When I first moved to Los Angeles, I was scared of earthquakes. I had heard they happened often, but the ones I always read about online were the Big Ones — ones that caused property damage, ones that killed people. It wasn’t until I came across a Twitter bot, named LA QuakeBot, whose only purpose was to tweet each time there was an earthquake, that I realized that there were small quakes all the time. Once I started following it, my anxiety over the Big One decreased with each additional tweet. They were happening all around us; the bot was a constant reminder.
Unlike an earthquake, this Twitter bot wasn’t naturally occurring. It was the word of self-proclaimed “superdeveloper” Bill Snitzer, who, as it turned out, was a prolific maker of (usually funny) internet things. He’d once crafted an application called BFFs Forever that mimicked the MySpace “Top 8” but in Facebook. He recorded a series of “super short” podcast episodes that each lasted just about a minute or so. His website includes lets random people post text that is pinged to a screen in his house. (Best of all, he used to work for Tom Green.)
So what do you actually do for a living?
I work for a company that makes websites for car dealerships. I’m a back end developer.
Where does the term “superdeveloper” come from?
I think I was reading a bunch of Kanye West tweets and figured I’d be really cocky with my website. I threw that in there; it was just kind of silly.
What’s your most favorite thing that you’ve done on the internet?
Probably an app that I made a while ago called my BFF — which was an app for Facebook, back when they let you put apps in your profile, and all it did let you put your best friends in a little box. It was a copy of MySpace’s “Top 8”. That was the first app I was able to really monetize. It became really popular in Malaysia, with somewhere between 6 and 8 million users.
When did you start thinking of these funny internet things?
I’ve always been into the weird internet art. Even before I was doing serious coding, I was just making funny videos with my friends and it just kind of naturally transitioned. It was always something I was doing, making something strange and putting it out there for people to look at.
Does what you do change with the internet?
Oh yeah, absolutely. I think as Twitter became more popular that changed the way things worked. Things now have to be compressed into the character limit for them to take off.
Do you ever feel like you’re working so hard on something that people are going to care about for, like, one minute?
Of course. The also reason why [my co-host] Matt and I do our super short podcast is because it was too hard to edit a long one — we were so busy! And we figured people on the internet just want to hear a quick thing, we’ll knock out five of them at once on Monday and edit them throughout the week.
Maybe a commentary on how long podcasts can be these days?
Sure, but it certainly fit really well with not wanting to work hard.
Tell me a little about the earthquake bot.
I started it back in 2009 when Twitter was relatively new. I saw that a whole bunch of people had tweeted about an earthquake, that everyone was tweeting #earthquake. I thought: You know what, the information from U.S. Geological Survey is free, I can write a little script that checks every so often and just dump it on Twitter.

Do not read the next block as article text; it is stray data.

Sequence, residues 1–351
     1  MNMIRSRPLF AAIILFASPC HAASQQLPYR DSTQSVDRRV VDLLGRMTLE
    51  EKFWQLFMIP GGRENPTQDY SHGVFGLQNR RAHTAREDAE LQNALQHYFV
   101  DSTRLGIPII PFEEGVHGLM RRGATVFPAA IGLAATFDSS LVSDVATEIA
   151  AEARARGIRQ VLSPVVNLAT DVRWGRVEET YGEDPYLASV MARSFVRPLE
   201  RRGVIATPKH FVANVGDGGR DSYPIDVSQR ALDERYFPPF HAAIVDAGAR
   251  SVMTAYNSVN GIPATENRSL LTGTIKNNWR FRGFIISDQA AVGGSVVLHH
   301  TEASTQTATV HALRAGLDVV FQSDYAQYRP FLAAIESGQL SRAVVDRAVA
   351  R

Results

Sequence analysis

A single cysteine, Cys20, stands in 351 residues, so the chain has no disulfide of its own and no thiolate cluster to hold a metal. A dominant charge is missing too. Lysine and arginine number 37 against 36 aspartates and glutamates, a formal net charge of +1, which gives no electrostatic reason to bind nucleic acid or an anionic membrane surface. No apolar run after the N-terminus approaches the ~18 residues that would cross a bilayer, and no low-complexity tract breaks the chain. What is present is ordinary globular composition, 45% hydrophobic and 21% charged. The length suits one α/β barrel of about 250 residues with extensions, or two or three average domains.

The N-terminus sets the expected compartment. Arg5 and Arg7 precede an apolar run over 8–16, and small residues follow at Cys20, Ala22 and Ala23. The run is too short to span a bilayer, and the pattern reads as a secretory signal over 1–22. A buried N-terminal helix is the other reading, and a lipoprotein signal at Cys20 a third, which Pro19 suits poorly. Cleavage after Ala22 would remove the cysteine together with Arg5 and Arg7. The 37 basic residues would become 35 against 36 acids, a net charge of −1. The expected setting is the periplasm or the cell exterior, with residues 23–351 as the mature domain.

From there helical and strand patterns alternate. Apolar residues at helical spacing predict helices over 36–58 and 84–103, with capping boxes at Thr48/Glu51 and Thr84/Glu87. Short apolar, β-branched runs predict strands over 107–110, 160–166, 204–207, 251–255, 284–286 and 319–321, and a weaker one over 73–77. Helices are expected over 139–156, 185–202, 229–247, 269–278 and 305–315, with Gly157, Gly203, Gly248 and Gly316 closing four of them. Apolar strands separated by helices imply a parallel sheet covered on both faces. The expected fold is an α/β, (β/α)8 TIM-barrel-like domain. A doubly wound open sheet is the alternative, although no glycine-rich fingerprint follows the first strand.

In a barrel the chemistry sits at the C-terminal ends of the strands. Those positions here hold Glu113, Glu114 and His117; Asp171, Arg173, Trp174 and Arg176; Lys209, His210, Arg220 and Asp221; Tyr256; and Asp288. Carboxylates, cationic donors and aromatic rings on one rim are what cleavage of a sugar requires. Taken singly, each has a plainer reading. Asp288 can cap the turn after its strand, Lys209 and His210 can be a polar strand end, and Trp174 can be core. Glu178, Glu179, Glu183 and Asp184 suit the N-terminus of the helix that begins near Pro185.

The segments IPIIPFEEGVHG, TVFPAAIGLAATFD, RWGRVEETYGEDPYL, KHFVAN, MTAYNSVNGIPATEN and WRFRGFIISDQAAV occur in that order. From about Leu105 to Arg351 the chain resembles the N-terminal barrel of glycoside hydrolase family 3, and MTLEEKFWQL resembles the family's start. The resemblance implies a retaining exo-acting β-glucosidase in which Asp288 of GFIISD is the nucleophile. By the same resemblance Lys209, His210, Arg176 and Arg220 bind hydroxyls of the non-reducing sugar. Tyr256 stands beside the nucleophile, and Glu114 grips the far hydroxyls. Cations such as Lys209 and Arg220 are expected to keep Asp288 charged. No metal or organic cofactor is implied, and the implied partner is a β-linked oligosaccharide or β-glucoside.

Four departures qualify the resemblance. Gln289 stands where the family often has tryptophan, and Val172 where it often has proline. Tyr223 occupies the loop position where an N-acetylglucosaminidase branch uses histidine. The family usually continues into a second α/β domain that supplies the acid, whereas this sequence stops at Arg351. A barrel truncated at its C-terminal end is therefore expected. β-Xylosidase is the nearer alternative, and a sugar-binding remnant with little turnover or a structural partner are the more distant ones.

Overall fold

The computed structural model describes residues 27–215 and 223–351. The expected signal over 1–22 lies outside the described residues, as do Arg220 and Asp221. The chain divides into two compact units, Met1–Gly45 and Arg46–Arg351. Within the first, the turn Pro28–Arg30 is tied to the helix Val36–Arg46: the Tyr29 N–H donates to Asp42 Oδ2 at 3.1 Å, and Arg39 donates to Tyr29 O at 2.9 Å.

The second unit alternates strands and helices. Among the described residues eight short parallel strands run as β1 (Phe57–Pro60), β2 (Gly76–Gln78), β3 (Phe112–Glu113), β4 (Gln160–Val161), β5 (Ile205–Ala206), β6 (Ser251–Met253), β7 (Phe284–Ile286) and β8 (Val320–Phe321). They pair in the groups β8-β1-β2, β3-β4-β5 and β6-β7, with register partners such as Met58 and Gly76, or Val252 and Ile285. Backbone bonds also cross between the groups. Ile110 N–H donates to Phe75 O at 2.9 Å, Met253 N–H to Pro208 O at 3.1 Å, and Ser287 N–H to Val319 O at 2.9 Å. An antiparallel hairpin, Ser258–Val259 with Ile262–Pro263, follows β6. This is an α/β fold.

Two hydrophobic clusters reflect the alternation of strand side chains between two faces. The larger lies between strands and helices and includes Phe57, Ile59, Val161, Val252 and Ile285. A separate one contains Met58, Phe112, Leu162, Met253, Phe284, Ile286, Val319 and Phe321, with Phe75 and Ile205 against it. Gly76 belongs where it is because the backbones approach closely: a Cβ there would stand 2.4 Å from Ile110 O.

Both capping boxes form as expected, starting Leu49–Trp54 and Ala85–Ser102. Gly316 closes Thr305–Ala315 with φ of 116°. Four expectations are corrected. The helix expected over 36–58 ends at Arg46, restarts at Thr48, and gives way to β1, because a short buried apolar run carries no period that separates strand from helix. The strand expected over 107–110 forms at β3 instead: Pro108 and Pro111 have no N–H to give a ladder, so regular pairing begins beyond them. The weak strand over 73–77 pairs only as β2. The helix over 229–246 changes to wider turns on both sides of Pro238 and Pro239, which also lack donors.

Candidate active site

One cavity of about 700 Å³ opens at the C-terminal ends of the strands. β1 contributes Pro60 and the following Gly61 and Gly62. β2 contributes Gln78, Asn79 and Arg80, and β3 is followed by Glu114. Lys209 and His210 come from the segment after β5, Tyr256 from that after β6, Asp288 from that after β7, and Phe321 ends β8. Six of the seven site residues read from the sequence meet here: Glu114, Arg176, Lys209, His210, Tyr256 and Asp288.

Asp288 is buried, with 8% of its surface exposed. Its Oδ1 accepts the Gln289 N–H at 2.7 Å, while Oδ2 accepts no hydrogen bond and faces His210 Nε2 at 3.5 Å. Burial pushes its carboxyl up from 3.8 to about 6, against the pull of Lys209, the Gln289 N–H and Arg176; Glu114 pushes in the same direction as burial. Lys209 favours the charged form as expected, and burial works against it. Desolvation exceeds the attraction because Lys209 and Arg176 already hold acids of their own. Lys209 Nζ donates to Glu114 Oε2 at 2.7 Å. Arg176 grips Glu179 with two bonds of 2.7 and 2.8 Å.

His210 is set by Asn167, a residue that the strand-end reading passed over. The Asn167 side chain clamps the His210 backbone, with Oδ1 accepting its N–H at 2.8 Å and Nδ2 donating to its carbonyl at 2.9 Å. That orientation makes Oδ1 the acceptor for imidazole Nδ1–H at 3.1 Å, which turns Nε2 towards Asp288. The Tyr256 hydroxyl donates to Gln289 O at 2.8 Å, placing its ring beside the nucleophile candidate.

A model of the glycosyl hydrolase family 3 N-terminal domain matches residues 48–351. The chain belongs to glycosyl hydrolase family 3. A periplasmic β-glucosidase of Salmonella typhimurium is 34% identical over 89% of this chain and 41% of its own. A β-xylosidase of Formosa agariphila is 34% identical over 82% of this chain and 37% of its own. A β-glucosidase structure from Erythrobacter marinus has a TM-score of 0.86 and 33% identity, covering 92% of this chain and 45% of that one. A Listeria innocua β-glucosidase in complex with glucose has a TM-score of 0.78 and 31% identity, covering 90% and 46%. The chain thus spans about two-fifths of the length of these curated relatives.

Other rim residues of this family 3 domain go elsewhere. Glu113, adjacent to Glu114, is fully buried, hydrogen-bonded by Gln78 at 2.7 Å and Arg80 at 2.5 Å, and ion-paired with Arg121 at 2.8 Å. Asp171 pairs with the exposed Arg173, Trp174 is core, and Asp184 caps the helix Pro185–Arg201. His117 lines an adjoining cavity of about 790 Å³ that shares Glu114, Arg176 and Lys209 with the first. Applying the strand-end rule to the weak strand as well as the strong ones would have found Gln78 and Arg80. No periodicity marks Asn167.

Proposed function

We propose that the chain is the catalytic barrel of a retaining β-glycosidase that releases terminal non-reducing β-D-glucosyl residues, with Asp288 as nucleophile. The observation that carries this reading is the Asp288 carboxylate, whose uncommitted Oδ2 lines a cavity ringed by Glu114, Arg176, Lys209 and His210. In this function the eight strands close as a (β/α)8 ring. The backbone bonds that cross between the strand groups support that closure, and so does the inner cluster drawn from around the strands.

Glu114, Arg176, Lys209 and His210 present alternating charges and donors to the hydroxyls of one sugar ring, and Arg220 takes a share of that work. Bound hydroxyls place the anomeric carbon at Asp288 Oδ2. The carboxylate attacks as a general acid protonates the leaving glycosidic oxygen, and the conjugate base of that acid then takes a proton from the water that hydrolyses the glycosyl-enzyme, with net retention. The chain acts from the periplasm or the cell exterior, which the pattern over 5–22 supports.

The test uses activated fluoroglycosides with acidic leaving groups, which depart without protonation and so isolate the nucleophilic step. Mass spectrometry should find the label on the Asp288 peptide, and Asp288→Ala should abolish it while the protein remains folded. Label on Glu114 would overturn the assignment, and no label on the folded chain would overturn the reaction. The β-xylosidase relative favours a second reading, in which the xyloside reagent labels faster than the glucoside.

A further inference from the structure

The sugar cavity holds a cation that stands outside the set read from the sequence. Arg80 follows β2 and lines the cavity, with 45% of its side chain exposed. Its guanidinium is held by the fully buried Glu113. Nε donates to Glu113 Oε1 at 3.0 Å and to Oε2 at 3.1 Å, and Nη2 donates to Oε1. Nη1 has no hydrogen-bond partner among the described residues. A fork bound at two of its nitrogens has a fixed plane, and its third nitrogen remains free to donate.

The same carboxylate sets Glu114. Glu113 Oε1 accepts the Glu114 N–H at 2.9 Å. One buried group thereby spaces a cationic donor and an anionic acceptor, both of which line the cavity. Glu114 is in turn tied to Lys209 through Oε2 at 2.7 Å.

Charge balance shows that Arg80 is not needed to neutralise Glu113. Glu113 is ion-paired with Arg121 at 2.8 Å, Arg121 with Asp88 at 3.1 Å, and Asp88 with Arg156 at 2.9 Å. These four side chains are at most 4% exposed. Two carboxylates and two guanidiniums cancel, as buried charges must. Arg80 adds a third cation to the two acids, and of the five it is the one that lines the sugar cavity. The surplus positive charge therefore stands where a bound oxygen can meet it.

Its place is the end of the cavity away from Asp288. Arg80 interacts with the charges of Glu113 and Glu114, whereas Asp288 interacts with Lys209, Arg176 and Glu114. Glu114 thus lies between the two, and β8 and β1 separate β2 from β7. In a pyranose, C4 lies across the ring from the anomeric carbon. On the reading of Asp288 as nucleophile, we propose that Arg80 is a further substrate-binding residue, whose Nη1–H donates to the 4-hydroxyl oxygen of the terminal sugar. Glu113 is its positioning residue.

What’s the best response you’ve gotten from people?
William Shatner retweeted the robot a while ago. I always like when I get celebrity followers or [when] people I really respect follow or retweet it.
I personally followed because I had just moved to L.A. and was terrified of earthquakes. I felt like seeing the tweets normalized it for me.
I’ll get tweets like, “I wish I never followed Earthquake L.A.” Because it’ll make them more scared! But you’re right, the proper thing to do is relax about it, there’s nothing you can do about it.
You have a thing on your website where anyone can input text and it’ll show up on a screen in your house. Has anything weird happened?
Someone kept putting up the same text — I don’t even remember what the text was — but they kept putting up the same thing and coming back to my website and changing it to this thing. It was going on for months. And I was like, “What kind of weird, stalker mentality do you have to have to do that?”
Not all coders are necessarily creative — those qualities don’t often go together.
When I first moved to L.A., I was working on Tom Green’s television show, so that’s kind of where I started to make the connection between entertainment stuff and computer stuff. He mainstreamed the whole idea of pointing a camera and doing something ridiculous.
It was a web show out of his house, back in 2006. This was early, early video on the internet. YouTube just started and we were like, “Where should we post it? Our own server?”
It feels like Tom Green was super ahead of his time.
Right, you put something out there that people aren’t ready for and that trend starts to get popular later on. I think a lot of it has to do with software or hardware problems and most people not having access to see the kinds of things Tom was doing. It’s a huge problem, especially in development. I want to use all the latest API — everything that companies like Apple and Google make available — but no one has the devices to appreciate the work.
As the web grows and changes, how do you see the future of internet pranks?
Coding is becoming easier and easier. It’s becoming more and more accessible — Google even has a programming language that they’re developing right now called Blockly where you just drag and drop blocks of text to the screen to make your code. The easier it gets to do, the more that creative people can do it. They can get their ideas out there and really turn them into something.
Lindsey Weber is an editor at MEL. She last interviewed Dr. Zhana, Periscope’s top sexpert.